With the award-winning documentary Senna about to be re-released on Blu-ray, its director can’t help but be amazed at the film’s reach in the USA.
The 1-hour, 45-minute movie features raw behind-the-scenes footage of the late Formula One driver Ayrton Senna, who lost his life in a crash May 1, 1994, while leading the San Marino Grand Prix. That it’s made waves in a country that knows little about Formula One racing is the ultimate compliment to director Asif Kapadia.
“To think that the film came out nearly two years ago and it’s still traveling the world and still speaking to people,” Kapadia said Tuesday. “It’s really been a joy.”
He knew for the film to get acclaim he would have to make a splash in the USA — where NASCAR is king among motor sports. (“They’re the only country in the world where nobody knows the ending,” Kapadia remembers thinking.)
So he introduced the film at the prestigious 2011 Sundance Film Festival in Salt Lake City.
“I met people that drove 1,000 miles to see the film. I met people that flew to Salt Lake City from Washington, D.C., to see the film,” Kapadia said. “Because they thought this might have been their only chance to see the film.”
It won Best Documentary at Sundance, and the film took off. On July 10, it will be released on Blu-ray. Though sales numbers for the DVD weren’t available, they are reportedly strong for a film its size with little to no marketing — mostly word of mouth and social media.
So, how can a film almost entirely containing 1980s and 1990s non-digital footage translate to high-definition TV ?
“The sound is better,” Kapadia said. “And you can … blow it up to a cinema screen at home.”
Senna took three years to edit, and Kapadia and his team had to sift through 15,000 hours of material. He was authorized by F1 boss Bernie Ecclestone to use 40 minutes of that footage.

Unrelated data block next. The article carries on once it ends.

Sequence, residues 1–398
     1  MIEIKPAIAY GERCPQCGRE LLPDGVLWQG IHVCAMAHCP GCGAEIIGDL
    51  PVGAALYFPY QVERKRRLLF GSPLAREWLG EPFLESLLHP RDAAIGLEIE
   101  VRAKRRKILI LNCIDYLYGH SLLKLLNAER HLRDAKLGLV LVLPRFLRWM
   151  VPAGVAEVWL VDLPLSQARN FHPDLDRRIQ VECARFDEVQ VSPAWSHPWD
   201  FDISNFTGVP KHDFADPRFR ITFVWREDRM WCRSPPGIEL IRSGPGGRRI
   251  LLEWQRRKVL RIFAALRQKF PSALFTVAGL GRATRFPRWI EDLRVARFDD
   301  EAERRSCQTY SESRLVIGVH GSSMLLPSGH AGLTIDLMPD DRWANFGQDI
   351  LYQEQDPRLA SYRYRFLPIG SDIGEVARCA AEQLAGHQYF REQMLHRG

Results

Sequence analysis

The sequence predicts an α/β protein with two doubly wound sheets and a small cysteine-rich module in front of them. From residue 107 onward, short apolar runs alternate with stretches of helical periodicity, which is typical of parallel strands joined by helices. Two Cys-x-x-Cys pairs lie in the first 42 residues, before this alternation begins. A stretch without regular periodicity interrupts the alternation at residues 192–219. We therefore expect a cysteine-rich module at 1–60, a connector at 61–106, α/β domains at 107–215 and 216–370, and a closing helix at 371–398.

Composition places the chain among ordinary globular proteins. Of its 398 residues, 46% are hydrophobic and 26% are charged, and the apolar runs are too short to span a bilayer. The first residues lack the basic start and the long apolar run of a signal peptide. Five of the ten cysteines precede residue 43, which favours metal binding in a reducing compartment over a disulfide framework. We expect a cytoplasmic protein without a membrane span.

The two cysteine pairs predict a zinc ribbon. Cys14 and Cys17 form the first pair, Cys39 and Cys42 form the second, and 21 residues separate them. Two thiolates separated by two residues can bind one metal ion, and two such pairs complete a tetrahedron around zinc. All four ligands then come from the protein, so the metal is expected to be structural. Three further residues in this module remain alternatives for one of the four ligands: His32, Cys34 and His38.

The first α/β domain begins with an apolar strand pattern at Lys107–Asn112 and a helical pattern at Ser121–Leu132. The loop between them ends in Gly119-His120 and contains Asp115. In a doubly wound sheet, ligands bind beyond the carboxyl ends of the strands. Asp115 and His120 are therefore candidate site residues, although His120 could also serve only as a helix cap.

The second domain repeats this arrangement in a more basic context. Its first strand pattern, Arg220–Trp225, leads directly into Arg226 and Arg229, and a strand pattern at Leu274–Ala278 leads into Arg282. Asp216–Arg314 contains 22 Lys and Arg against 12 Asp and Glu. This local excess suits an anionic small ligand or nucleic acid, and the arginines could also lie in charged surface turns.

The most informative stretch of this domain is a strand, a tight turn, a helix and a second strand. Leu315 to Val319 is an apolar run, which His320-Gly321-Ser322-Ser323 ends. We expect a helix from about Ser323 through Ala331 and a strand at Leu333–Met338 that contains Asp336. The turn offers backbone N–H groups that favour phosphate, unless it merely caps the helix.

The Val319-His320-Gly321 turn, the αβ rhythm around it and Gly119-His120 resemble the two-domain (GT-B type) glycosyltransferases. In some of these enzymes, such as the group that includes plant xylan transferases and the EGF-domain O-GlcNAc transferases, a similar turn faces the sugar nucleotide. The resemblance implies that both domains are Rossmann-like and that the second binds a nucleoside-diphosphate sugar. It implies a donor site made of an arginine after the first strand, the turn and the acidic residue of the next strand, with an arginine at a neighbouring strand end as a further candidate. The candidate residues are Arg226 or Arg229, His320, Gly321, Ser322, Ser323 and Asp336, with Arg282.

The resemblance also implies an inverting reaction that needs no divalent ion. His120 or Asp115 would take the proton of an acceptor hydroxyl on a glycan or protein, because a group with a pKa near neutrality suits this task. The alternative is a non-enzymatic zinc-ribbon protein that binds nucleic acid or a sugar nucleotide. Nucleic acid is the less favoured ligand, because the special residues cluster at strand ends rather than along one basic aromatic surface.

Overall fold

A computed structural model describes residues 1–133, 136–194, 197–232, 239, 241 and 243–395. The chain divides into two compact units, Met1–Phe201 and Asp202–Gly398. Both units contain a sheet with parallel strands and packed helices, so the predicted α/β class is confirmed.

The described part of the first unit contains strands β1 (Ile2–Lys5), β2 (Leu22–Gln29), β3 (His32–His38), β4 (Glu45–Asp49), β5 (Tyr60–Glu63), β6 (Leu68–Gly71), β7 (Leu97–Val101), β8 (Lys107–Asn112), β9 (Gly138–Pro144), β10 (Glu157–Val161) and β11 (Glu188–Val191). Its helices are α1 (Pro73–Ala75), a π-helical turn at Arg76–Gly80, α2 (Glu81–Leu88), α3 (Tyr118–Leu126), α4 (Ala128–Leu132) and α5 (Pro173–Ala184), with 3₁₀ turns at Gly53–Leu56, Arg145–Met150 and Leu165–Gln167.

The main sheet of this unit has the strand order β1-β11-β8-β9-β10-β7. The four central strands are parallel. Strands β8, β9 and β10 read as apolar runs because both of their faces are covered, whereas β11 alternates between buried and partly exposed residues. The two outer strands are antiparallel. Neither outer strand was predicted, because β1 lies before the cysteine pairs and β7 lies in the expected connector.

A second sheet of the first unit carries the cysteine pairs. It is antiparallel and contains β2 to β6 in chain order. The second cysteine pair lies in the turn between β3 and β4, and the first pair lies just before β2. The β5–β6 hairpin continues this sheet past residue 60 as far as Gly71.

Tireless editing got the film down to seven hours — 380 minutes over Ecclestone’s allowance. “Legally, we could not afford to make the film,” Kapadia said.
Attorneys convinced the commercial-rights-holding Ecclestone to allow 80 minutes at no extra charge.
“He was very, very good to us,” Kapadia said. “It’s probably something Bernie doesn’t want a lot of people to know, because of his reputation.”
Many scenes from the film, including Senna’s final corner at the Imola circuit in Italy, were profoundly emotional. But to Kapadia, one of the clutch scenes for viewers was the three-time world champion’s victory at the 1991 Brazilian Grand Prix, his first win in his native country.
Senna drove the last part of the race with his car stuck in sixth gear and was shown in exhaustion and pain after the race and on the podium.
“That sound, that growl he makes when he wins and he can’t get out of the car … ,” Kapadia said. “If you know his story, if you know where the film is going, the powerful image of what he puts his body through to win for the fans, to win for the people at home, is incredible.”
No F1 driver has died on-track since Senna in 1994.
But the news Tuesday that female F1 test driver Maria de Villota was hospitalized with life-threatening injuries after a testing crash in London was a jarring reminder that in cars that can travel close to 200 mph, safety isn’t a guarantee.
“They’re always just on the edge, aren’t they?” Kapadia said. “It could have happened so many times. A few inches that way or that way, and that’s what can happen.”
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